Welcome to the new Independent website. We hope you enjoy it and we value your feedback. Please contact us here.


Payne ready to suffer in the Serpentine in quest for gold

The world open-water champion faces a hard-fought test of stamina in Hyde Park today, writes Robin Scott-Elliot

Keri-Anne Payne likes a challenge. For one she has her wedding to organise next month in Aberdeen. An autumn wedding in the north of Scotland – she will marry fellow Olympic swimmer David Carry – is an event able to defy even the best prepared; being an open-water swimmer might be just what is required.

Payne is the best women's open-water swimmer in the world and will dive into the Serpentine at lunch-time as favourite to win gold, but it is an event that is on a par with Scottish weather for its sheer unpredictability. There will be 25 swimmers in the field, including all the top-10 finishers from last year's world championship in Shanghai.

Payne was first over the line in Shanghai, to claim her second world title, but the entire top 10 finished within 20 seconds of each other – that after 10km. Compare that to the men's 1500m freestyle in the pool, where 20 seconds only covered half the eight-strong field finishing, and it offers an indication of the competitiveness of the women's event.

"I don't think Michael Phelps ever thought Ryan Lochte would ever beat him, but he has," said Payne. "That's the beauty of the Olympics – it's all about who is the best swimmer on that day."

It has been a long wait for Payne to get into the water. She had her final practice swim in the Serpentine – which has been praised by the competitors for the cleanliness of its water – yesterday under the guidance of Mark Perry, Britain's open-water coach. "She's in good form and she's ready to go," said Perry.

It is a race she has been preparing for since last July when she won the world title. It has been an exhaustive process, 10 two-hour sessions a week and one of five hours for a race that will leave her aching from head to toe – most swimmers finish with thumping headaches after two hours in the water.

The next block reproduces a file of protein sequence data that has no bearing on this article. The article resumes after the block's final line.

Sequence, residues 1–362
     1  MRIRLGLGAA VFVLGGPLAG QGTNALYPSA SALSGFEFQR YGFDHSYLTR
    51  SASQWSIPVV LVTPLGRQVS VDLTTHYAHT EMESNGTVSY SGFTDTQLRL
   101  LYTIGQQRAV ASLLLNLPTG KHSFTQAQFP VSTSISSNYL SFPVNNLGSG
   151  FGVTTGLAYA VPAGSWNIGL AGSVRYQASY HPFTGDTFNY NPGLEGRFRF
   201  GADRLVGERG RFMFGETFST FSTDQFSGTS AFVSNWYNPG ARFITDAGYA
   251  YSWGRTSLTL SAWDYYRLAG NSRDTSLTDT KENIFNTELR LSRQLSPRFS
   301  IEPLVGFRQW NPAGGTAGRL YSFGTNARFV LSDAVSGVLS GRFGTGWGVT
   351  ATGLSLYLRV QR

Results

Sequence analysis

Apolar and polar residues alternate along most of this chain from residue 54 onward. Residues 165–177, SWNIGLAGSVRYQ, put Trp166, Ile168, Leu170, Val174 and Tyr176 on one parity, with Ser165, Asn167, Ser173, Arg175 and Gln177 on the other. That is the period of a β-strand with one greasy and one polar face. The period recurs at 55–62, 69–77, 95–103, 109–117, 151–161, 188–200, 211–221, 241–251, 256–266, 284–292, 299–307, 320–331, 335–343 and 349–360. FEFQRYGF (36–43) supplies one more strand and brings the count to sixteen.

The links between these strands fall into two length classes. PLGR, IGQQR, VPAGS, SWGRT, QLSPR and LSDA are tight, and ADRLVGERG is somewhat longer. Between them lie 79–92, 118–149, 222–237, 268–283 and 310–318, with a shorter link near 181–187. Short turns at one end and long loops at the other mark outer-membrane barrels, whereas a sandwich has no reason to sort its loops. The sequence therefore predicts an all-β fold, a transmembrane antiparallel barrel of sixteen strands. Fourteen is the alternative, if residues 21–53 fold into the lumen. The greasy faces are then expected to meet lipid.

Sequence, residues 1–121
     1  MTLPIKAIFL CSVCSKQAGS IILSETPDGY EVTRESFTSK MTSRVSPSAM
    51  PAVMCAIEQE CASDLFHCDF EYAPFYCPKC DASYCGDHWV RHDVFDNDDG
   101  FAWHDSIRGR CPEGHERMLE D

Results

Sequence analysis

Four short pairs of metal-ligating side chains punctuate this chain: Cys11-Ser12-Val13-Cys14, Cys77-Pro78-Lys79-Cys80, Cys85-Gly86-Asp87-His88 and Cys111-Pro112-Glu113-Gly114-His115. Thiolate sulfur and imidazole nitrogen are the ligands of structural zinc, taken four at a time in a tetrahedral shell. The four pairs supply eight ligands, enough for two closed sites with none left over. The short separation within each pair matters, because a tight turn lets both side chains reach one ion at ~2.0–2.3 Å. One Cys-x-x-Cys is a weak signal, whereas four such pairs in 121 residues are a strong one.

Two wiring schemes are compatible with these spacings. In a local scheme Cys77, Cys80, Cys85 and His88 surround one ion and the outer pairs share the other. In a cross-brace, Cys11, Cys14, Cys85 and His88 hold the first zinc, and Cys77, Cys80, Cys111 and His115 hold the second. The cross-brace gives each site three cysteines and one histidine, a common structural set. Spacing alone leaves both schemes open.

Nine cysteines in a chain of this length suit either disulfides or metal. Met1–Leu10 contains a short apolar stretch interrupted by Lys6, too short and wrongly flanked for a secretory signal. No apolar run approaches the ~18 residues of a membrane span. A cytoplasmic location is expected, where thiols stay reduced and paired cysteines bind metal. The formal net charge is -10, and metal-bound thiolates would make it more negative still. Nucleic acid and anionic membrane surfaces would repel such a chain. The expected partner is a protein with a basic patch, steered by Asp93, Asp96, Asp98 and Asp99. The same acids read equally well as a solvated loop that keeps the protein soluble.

"I am always pushing my body to the brink of potential illness because you have to push it as far as we can so it breaks down and rebuilds itself better," said Payne. "That's how the training works, so you are always at risk of pushing it too far. We're conscious swimming outdoors for too long could push you over the edge. You learn that as you get more experienced – when to take time out and how far to push it."

Four years ago she competed in the pool as well, but this time she has had to watch as her team-mates have struggled, with the honourable exception of Michael Jamieson and Rebecca Adlington, who will be a bridesmaid at Payne's wedding, and look on as elsewhere Britain's medal favourites have, largely, matched expectation.

She shared a room with Adlington in Shanghai, doing sudoku to pass the time, but this time it has been a more challenging wait. Britain failed to win a gold in 32 events in the pool – a silver and two bronze means the swimmers will fall short of their medal target of five to seven but a gold from Payne would offer a welcome dose of painkilling.

Four years ago Payne won a silver medal behind Larisa Ilchenko. The Russian is not in London this time and the main challenge will come from the likes of Martina Grimaldi a Neapolitan policewomen who took silver in Shanghai, the Australian psychology student Melissa Gorman, and Marianna Lymperta of Greece, the world bronze medallist. But any of the top 10 is capable of having a decisive day, or a disastrous one.